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The Dartmouth
May 23, 2024 | Latest Issue
The Dartmouth

More students look to medicine

More students than ever before applied to medical school this year, continuing the recent increases in the numbers of applicants.

According to a report by the Association of American Medical Colleges printed in The New York Times, this year's total number of applications will surpass the previous record of 42,621 set in 1974-1975.

Only 16,500 spaces are available in medical schools across the country.

The Dartmouth Medical School is seeing a similar increase in applicants. According to Andrew Wallace, dean of the medical school, around 5,000 students applied for 85 possible openings.

"I do know that [the number of applications] is up significantly and it is up significantly at a national level," Wallace said. "I think it's clear that nationally there seem to be more students interested in going to medical school than in the past."

Wallace said that applications to the Medical School have risen slightly faster than the national average. According to Wallace, the quality of applicants is also rising, making competition even tougher.

"Everything is up in terms of the academic qualifications of the people we have offered positions to," he said. The number of minority students and the number of Dartmouth students accepted rose.

Medical schools are seeing the increase despite a new national health plan that could reduce doctor's salaries and add more regulation to the medical profession.

Dave Wolk '94, who said he will apply to medical schools next month, said the impending Clinton Administration reforms "really had no bearing on my decision."

Wolk said the uncertainties in the health care field, such as the risk of AIDS, did not turn him away from wanting to apply to medical school.

"I wasn't personally discouraged," Wolk said. "I was discouraged by others. Other doctors warned that things aren't going to be as easy as they were."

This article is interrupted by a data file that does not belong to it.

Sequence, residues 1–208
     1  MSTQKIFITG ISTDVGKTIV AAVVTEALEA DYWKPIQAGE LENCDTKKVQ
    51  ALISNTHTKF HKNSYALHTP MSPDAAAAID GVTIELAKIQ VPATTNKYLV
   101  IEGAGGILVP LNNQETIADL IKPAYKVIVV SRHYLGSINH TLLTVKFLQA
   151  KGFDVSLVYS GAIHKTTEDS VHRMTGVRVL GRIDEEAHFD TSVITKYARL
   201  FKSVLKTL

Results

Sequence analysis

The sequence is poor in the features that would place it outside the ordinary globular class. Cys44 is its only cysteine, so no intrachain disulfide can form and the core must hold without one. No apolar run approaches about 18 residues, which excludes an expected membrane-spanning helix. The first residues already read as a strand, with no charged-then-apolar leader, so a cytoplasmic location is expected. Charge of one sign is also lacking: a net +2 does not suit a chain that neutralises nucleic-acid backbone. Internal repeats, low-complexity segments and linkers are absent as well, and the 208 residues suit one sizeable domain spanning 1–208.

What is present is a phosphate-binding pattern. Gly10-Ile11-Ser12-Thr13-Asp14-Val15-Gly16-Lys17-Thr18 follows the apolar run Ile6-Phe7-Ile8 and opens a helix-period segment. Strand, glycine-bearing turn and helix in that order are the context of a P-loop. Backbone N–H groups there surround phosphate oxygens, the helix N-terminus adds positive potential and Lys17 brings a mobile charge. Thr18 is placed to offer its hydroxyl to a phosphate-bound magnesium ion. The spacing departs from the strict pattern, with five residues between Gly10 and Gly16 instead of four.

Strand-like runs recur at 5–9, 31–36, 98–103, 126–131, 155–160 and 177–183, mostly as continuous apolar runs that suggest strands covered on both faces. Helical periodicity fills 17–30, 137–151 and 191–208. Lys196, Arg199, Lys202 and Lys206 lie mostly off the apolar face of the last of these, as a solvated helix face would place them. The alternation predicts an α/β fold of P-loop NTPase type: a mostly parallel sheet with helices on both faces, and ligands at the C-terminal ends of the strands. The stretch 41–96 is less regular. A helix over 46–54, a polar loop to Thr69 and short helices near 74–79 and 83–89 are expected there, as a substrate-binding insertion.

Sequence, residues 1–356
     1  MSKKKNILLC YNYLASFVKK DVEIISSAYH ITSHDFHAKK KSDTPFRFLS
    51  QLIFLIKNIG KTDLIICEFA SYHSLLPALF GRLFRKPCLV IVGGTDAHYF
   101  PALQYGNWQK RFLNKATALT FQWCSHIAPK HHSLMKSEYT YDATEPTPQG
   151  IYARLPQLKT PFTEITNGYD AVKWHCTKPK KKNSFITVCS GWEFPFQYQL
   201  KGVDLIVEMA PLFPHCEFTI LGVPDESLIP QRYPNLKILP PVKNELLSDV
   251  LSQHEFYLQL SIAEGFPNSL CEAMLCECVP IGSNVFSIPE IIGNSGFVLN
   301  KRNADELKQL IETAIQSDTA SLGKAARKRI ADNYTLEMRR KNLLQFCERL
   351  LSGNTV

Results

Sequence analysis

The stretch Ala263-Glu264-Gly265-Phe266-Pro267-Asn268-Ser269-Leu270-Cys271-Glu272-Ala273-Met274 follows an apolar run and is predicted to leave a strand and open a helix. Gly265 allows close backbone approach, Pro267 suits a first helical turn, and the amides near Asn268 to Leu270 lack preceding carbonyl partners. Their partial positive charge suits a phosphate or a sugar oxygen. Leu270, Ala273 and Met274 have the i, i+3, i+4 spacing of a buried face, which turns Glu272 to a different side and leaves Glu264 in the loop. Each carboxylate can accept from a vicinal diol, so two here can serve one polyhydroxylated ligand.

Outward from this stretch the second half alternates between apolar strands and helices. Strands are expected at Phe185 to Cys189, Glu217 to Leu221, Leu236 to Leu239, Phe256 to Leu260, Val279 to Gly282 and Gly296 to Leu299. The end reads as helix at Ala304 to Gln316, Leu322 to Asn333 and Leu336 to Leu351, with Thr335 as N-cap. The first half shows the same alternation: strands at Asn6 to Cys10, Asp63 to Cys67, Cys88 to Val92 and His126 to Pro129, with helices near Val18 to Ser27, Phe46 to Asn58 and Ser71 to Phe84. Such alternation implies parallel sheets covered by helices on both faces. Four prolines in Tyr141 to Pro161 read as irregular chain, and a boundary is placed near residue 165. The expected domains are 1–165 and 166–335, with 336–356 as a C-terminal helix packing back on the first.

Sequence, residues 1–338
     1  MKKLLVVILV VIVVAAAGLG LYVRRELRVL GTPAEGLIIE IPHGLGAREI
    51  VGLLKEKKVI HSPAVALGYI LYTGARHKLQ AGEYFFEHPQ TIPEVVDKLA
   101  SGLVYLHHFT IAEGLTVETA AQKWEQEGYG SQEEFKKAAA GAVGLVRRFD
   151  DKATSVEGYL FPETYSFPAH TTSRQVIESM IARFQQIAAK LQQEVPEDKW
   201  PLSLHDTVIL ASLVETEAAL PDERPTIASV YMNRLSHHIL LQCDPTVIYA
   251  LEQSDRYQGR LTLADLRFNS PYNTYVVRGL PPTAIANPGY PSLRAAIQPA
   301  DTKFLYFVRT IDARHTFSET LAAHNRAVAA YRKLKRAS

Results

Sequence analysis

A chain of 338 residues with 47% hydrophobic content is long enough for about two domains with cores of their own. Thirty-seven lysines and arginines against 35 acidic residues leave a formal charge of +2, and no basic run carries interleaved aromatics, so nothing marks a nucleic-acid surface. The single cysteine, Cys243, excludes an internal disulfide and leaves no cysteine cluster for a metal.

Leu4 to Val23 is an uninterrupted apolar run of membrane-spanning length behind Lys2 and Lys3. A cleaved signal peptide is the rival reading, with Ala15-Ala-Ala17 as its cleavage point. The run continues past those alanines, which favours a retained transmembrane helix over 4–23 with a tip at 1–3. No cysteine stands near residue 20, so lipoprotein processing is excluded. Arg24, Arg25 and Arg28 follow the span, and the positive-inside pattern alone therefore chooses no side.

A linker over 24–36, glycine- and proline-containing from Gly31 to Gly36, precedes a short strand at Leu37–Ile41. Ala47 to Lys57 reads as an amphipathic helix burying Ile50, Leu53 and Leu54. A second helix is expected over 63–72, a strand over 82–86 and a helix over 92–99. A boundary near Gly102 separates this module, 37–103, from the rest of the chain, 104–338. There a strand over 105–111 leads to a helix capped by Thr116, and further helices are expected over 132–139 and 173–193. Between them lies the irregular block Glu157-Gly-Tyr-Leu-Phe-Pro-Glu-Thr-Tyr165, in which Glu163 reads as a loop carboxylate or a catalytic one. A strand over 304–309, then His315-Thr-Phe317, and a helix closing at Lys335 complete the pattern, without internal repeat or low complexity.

Wolk said students who really want to be doctors won't be discouraged by potentially lower salaries and reforms. He said most students want to be doctors to help others and are not motivated primarily by prestige and monetary motives.

Ursula Musser '93, who is waiting to hear from medical schools, said, "The uncertainties about health care reform did not influence my decision at all. It wouldn't be right to turn away when the reasons I am going into medicine -- fascination with the human body and the ways people have discovered to treat its pathologies and love and interest in people -- will still be there."

"Plus the dream of becoming a doctor is one I've had for too long now to throw away because I'm unsure of how the profession will look in the future," she added.

Wolk partially attributed the recent increase in applications to the occupation's stability.

"It's always going to be somewhat of a lucrative occupation and a stable occupation," he said. "There will always be a need for doctors."

Dan Jacobs '93, who is also applying to medical school, agreed. "With the economy down lately, that's maybe the primary reason" for the increase in applications, he said.

But the large number of applications medical schools are receiving do not present the complete picture. Most pre-med students apply to nearly a dozen medical schools.

And Wallace said the number of applications is rebounding from a "rather precipitous" drop in the late 1980s. "My own view is that we are recovering from a downturn rather than seeing an excessive amount of applicants," he said.

The 1980s drop was due to news reports that the medical field was saturated with doctors. The drop was also a result of practicing doctors advising students not to go into their profession because of increasing malpractice litigation and government intervention.

Wallace said business, law, and other professional schools enticed many students away from medical school during the late 1980s.